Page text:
2020 Drug Data Trends & National Benchmark Report.

Your go-to resource: the 2020 TELUS Health Drug Data Trends & National Benchmarks report.

Private drug plans saw the biggest increase in overall eligible costs in 2019 compared to the previous four years, according to the 2020 TELUS Health Drug Data Trends & National Benchmarks report. While specialty drugs were a driving factor, traditional drugs also played a key role. Year-after-year results also continue to reflect an important evolution in drug therapies, with a focus on targeted medications that can significantly improve health outcomes.

The report presents major trends in private drug-plan costs and utilization, as well as adoption rates of plan design tools such as mandatory generic substitution and managed formularies. The data for 2019 were extracted from the TELUS Health database of more than 13 million insured individuals, who transacted more than 150 million prescription drug claims.

TELUS Health thought leaders Shawn O’Brien and Jason Kennedy provide analysis as well as recommended actions for plan sponsors and benefits providers.

The report is divided into four main sections: costs and utilization; drug plan design tools; specialty drugs; and drugs by therapeutic class. Among the highlights:

  • The eligible monthly cost per insured increased 7.6% in 2019, compared to a decline of 3.6% in 2018.
  • Ontario’s OHIP+ program, which removed insureds under the age of 25 in that province from the book of business for all of 2018 and the first three months of 2019, certainly had an impact. Eligible costs jumped by 10.2% in Ontario in 2019; when insureds under the age of 25 are removed, this drops to 5.4%.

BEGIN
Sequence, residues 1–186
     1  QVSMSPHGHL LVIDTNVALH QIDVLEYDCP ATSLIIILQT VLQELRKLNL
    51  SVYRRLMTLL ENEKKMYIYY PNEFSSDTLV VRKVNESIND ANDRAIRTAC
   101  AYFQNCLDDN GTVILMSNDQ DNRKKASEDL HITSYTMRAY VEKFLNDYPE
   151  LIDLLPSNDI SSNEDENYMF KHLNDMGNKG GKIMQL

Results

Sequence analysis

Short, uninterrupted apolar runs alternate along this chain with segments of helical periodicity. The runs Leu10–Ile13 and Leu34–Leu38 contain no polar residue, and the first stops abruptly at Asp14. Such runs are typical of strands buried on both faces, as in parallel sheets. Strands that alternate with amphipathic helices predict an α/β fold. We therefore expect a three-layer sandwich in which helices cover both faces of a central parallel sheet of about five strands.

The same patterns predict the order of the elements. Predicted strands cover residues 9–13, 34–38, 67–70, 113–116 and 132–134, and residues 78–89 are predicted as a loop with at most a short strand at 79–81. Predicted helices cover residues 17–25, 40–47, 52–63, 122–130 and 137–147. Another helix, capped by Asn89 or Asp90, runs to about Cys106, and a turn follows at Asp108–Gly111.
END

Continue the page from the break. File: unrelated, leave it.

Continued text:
• Claimants submitted an average of 10.3 claims in 2019, compared to 9.8 in 2015. The average annual eligible cost per claimant was $769.13, compared to $675.95 in 2015.
  • Generic drugs accounted for 63% of prescriptions filled by private drug plans in 2019, up from 58% five years ago. The generic fill rate is highest in Atlantic Canada (70%) and lowest in Ontario (61%).
  • Specialty drugs’ share of eligible costs has more than doubled in the past 10 years, from 14% in 2010 to 30% in 2019. The number of claimants, meanwhile, consistently hovers around 1%.
  • Early data suggest that B.C.’s biosimilar switching policy has increased the utilization of biosimilars by private drug plan members as well.
  • The top therapeutic area based on eligible costs for drugs is rheumatoid arthritis, followed by diabetes and skin disorders. Five years ago, skin disorders were ranked seventh.
  • Almost two out of three claimants (65.8%) for asthma drugs are non-adherent. Asthma ranks fourth in the top-10 list of categories by eligible costs, accounting for 5.6% of costs and 5.5% of claims in 2019.

Of the plan design tools measured in the report, only one (generic drug policies, and more specifically mandatory generic substitution) saw steady gains in the past five years. The most common tools are prior authorization (89%), generic drug policies (87%) and coinsurance (69%), followed at some distance by capped dispensing fees (28%), deductibles (23%), managed formularies (22%) and annual plan maximums (21%).

See below the full results with supporting analysis.

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